From Our 2009 Archives
Acrylamide Doesn't Raise Lung Cancer Risk
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TUESDAY, April 28 (HealthDay News) -- Acrylamide, a food byproduct that some research has linked to certain cancers, doesn't raise the risk of lung cancer in men and may even offer slight protection for women, new research suggests.
In a study that included more than 120,000 men and women, Dutch researchers reported that they found no association between lung cancer and acrylamide in men and an 18% lower risk in women for a 10-microgram/day average intake of acrylamide.
"After taking smoking and other lung cancer risk factors into account, it turned out that men who ingested more acrylamide were not more likely to be diagnosed with lung cancer than men who consumed less acrylamide," said study author Janneke G.F. Hogervorst, of Maastricht University in the Netherlands.
"Unexpectedly, women who ingested more acrylamide were less likely to be diagnosed with lung cancer than women who ingested less acrylamide," said Hogervorst, who added that since this is the first study to come to this conclusion, the findings need to be replicated before any dietary recommendations could be made.
The findings appear in the April 28 online issue of the Journal of the National Cancer Institute.
Acrylamide is a chemical that forms during some high-temperature cooking processes, such as roasting, baking or frying. The compound was first discovered in food in 2002, according to the U.S. Food and Drug Administration. Some common foods that contain acrylamide include potato chips, French fries, baked goods, coffee, bread and cookies, according to the study.
Approximately one-third of the calories Americans consume contain acrylamide, according to an accompanying editorial in the same issue of the journal.
Animals exposed to high doses of acrylamide have developed cancer, and although many studies have now been done on humans, the results have been mixed. Karen Collins, a nutrition adviser for the American Institute for Cancer Research, said some studies have found a positive association between acrylamide and renal, ovarian and endometrial cancers, but that the evidence isn't conclusive yet. Other studies have found no association between acrylamide and gastrointestinal, colorectal, bladder, breast and prostate cancers, according to the editorial.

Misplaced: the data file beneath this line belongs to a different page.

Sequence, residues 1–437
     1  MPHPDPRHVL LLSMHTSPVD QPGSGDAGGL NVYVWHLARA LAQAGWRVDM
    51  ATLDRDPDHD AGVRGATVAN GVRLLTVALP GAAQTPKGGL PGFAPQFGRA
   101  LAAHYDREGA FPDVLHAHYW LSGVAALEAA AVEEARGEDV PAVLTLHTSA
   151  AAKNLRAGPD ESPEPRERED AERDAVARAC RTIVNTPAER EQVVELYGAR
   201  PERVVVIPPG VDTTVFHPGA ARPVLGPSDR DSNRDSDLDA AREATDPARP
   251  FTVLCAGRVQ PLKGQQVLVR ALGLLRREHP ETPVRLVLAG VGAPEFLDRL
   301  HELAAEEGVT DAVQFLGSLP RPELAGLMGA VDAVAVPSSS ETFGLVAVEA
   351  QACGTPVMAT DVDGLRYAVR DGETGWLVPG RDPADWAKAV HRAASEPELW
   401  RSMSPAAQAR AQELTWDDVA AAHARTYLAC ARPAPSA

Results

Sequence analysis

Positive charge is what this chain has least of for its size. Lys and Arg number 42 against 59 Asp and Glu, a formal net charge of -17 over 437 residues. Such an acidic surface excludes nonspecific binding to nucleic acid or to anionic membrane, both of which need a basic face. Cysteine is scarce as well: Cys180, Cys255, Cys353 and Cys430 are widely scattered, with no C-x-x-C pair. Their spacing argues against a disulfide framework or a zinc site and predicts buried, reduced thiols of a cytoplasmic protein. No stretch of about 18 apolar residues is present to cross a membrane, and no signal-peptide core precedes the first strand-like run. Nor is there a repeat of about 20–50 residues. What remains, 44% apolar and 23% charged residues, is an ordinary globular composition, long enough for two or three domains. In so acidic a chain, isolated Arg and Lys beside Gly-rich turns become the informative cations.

The current study included 58,279 men and 62,573 women, with an average follow-up time of 13.3 years. From this group, 2,649 people developed lung cancer.
When the researchers compared those with the highest intake of acrylamide to the lowest, they found no association between male acrylamide consumption and lung cancer. In women, those who had the highest intake appeared to have a 55% decreased risk of cancer compared to women who had the lowest acrylamide intake, the researchers said.
The authors theorized that acrylamide may have some effect on female hormones, which could offer protection against certain cancers, and increase the risk of others. "We do not advise women to start consuming more acrylamide-containing foods to reduce their lung cancer risk," noted Hogervorst. "Acrylamide may increase the risk of other cancers, and acrylamide-containing foods like fries and chips may increase the risk of other diseases, such as obesity and cardiovascular diseases."
"Acrylamide is such a complicated dietary factor," said editorial author Lorelei Mucci, an assistant professor of medicine in the department of epidemiology at the Harvard School of Public Health. "It's in so many foods that are really bad for you, but a large portion of acrylamide comes from whole grain cereals and breads that are good for you."
"The public health message should really be to look at factors that really will lower your risk of cancer: exercise, keeping a healthy weight and not smoking. If there is an association with acrylamide and cancers, it's probably a small one," Mucci said.
"This study is good research, and they asked good research questions, but don't get distracted. For preventing cancer, the focus is on weight control, physical activity and consuming a mostly plant-based diet," said Collins.
"There's no reason to think we would do anything different in terms of eating habits as a result of this study," she said, adding, "There are a lot of good reasons to limit your consumption of potato chips, French fries, cake and cookies."
SOURCES: Janneke G.F. Hogervorst, M.Sc., department of epidemiology, Maastricht University, Maastricht, the Netherlands; Karen Collins, M.S., R.D., nutrition adviser, American Institute for Cancer Research, Washington, D.C.; Lorelei Mucci, Sc.D., assistant professor, medicine, department of epidemiology, Harvard School of Public Health, Boston; April 28, 2009, Journal of the National Cancer Institute, online
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